By combining short videos on economics principles with fun applications of those principles, the course provides both the level of economics knowledge that is sufficient to pass the Advanced Placement® exam and a means of understanding more broadly how economics works.  Now, more than ever, the lessons of the course and the questions that it asks are vital. Is going to college worth it? Why is Tesla building the world’s largest battery production plant? Is rising inequality something we should worry about, and what can we do about it?  These are hard questions – that become much easier once you understand the principles of economics.

Economics is a way of seeing the world that’s useful, but it’s also beautiful and surprising and cool. I truly believe our world would be better if everyone took this course. And I know that you’ll have a great time if you take it.

New season of “Science Out Loud” sparks curiosity

Photo of woman in a lab coat being video'd, surrounded by lighting and camera equipment, with two production people assisting.

Left to right: Elizabeth Choe ’13, executive producer; George Zaidan ’08, director; and Whitney Hess PhD ’16 film “Choose-Your-Own-Chemistry-Adventure” for “Science Out Loud” from MIT+K12 Videos.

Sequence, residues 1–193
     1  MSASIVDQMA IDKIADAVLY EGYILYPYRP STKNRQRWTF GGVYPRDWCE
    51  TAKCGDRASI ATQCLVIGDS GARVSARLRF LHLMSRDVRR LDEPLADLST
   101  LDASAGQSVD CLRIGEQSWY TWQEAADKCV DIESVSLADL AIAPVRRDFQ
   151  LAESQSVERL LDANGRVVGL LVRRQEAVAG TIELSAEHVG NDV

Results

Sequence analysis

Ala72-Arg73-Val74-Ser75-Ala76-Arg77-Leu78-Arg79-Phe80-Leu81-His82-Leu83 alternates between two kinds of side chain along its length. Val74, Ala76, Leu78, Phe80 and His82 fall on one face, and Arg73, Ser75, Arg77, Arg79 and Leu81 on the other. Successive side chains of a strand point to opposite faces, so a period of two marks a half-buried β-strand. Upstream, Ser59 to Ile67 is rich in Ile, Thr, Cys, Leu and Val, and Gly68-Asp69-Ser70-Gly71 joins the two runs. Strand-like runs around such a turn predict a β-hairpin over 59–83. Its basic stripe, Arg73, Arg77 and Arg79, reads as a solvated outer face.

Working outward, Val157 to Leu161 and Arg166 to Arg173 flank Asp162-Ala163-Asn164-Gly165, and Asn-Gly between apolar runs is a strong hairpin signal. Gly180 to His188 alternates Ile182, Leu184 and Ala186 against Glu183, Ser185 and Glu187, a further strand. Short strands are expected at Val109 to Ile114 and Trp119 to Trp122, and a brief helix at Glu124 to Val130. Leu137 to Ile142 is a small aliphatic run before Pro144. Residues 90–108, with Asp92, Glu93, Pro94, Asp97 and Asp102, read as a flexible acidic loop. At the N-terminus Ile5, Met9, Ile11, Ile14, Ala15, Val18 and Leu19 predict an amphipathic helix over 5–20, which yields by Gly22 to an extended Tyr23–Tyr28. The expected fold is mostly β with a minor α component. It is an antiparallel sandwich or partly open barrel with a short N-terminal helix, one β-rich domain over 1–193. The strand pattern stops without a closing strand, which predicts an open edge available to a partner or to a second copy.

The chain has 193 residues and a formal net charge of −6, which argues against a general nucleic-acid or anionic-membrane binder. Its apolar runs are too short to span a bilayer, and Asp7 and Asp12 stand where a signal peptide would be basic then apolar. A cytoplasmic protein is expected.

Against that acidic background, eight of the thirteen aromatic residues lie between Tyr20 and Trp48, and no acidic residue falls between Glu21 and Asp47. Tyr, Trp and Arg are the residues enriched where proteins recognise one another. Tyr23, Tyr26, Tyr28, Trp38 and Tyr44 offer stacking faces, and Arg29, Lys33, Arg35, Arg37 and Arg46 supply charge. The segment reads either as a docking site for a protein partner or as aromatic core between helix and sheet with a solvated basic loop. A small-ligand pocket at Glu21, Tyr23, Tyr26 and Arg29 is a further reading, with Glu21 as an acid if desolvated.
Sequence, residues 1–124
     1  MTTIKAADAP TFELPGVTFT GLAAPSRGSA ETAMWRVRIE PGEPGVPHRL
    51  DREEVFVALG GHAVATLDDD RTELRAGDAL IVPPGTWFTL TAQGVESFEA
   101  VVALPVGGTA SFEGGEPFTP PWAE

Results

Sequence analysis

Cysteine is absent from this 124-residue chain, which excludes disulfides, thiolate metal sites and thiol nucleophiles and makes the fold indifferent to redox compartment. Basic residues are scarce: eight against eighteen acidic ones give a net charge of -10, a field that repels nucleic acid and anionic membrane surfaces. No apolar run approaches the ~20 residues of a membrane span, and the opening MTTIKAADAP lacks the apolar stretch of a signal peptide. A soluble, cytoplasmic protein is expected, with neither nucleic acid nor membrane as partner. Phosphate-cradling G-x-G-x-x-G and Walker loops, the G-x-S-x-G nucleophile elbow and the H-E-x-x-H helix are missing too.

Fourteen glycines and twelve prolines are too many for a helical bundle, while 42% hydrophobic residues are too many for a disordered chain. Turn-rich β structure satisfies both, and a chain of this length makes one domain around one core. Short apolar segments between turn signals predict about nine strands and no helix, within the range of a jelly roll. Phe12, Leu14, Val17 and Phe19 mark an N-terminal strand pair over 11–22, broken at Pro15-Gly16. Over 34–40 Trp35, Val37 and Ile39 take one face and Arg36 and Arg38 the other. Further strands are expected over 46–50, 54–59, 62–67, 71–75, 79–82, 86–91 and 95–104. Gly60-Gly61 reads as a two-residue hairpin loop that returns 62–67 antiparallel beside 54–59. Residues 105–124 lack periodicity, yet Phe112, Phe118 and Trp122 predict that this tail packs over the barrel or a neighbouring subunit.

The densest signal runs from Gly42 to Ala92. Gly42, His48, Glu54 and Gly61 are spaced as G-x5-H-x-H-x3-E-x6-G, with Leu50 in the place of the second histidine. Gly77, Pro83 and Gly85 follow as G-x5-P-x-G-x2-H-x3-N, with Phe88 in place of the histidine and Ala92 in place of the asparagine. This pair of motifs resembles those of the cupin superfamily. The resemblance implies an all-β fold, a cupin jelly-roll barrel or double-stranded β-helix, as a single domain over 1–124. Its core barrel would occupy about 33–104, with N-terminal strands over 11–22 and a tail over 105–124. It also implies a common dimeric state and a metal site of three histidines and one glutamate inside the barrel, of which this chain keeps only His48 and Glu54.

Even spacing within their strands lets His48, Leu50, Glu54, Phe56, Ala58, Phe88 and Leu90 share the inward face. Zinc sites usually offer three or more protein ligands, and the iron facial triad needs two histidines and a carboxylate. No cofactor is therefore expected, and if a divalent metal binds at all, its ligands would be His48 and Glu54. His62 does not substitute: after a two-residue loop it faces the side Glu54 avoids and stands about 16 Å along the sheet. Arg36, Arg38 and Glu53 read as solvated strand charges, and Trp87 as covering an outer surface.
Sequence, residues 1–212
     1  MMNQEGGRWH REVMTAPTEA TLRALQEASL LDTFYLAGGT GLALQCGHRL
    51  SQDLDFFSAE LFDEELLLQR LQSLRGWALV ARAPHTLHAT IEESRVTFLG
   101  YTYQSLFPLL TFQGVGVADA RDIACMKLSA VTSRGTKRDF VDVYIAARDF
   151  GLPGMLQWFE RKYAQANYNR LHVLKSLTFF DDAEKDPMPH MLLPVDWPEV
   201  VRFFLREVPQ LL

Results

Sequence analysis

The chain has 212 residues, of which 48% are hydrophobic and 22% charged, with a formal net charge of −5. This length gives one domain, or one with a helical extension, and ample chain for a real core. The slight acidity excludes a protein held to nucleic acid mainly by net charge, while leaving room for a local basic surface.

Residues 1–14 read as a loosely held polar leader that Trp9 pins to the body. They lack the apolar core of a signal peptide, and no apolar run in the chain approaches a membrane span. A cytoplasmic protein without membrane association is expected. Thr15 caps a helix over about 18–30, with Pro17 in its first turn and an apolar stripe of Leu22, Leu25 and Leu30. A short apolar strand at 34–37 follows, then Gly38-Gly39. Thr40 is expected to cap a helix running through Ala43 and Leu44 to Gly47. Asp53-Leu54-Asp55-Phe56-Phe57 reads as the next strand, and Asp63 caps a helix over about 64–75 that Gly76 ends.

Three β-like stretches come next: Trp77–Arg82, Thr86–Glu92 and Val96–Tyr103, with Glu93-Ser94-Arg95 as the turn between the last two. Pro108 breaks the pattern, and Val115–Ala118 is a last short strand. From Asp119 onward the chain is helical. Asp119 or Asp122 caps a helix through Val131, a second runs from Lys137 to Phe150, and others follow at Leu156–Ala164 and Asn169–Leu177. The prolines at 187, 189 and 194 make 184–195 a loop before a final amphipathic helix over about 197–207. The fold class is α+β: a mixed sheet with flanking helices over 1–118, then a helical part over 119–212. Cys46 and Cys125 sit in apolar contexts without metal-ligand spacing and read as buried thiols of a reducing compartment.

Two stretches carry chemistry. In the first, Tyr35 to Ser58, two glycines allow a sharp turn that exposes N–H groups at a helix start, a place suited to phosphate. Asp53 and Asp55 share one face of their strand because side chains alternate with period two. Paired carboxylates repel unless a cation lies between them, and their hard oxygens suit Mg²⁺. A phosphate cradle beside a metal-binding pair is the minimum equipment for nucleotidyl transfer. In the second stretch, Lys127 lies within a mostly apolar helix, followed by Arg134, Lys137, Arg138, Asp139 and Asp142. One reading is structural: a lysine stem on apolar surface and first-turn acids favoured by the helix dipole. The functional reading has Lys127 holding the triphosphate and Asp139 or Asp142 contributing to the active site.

By MIT Office of Digital Learning

No equations allowed. This basic rule drives the thinking behind “Science Out Loud,” an original web series hosted and co-written by MIT students. The fun, engaging videos are geared towards middle and high school students and designed to bring scientific concepts to life through research, experiments, and demos performed by real scientists and engineers. No chalkboards. No textbooks. Lots of learning.

The new season of Science Out Loud – now live on YouTube – pushes the boundaries of video production to turn academic education into curiosity-sparking interactive experiences.

There’s a choose-your-own chemistry adventure where viewers can click through the video to change the ingredients of a chemical reaction (yeast, soap, and hydrogen peroxide) and create the best foam explosion.

Another video explores how virtual reality works, which viewers can watch in 360 degrees on YouTube and Google Cardboard. Yet another showcases MIT’s Scratch programming to make a video game, with the option to watch in English or Italian.

Science Out Loud is part of MIT+K12 Videos, an educational outreach program from the Office of Digital Learning that seeks to encourage a lifelong love of learning through original digital media and live programming. The program aims to promote STEM (science, technology, engineering, and math) literacy while opening the world of MIT to as many people as possible.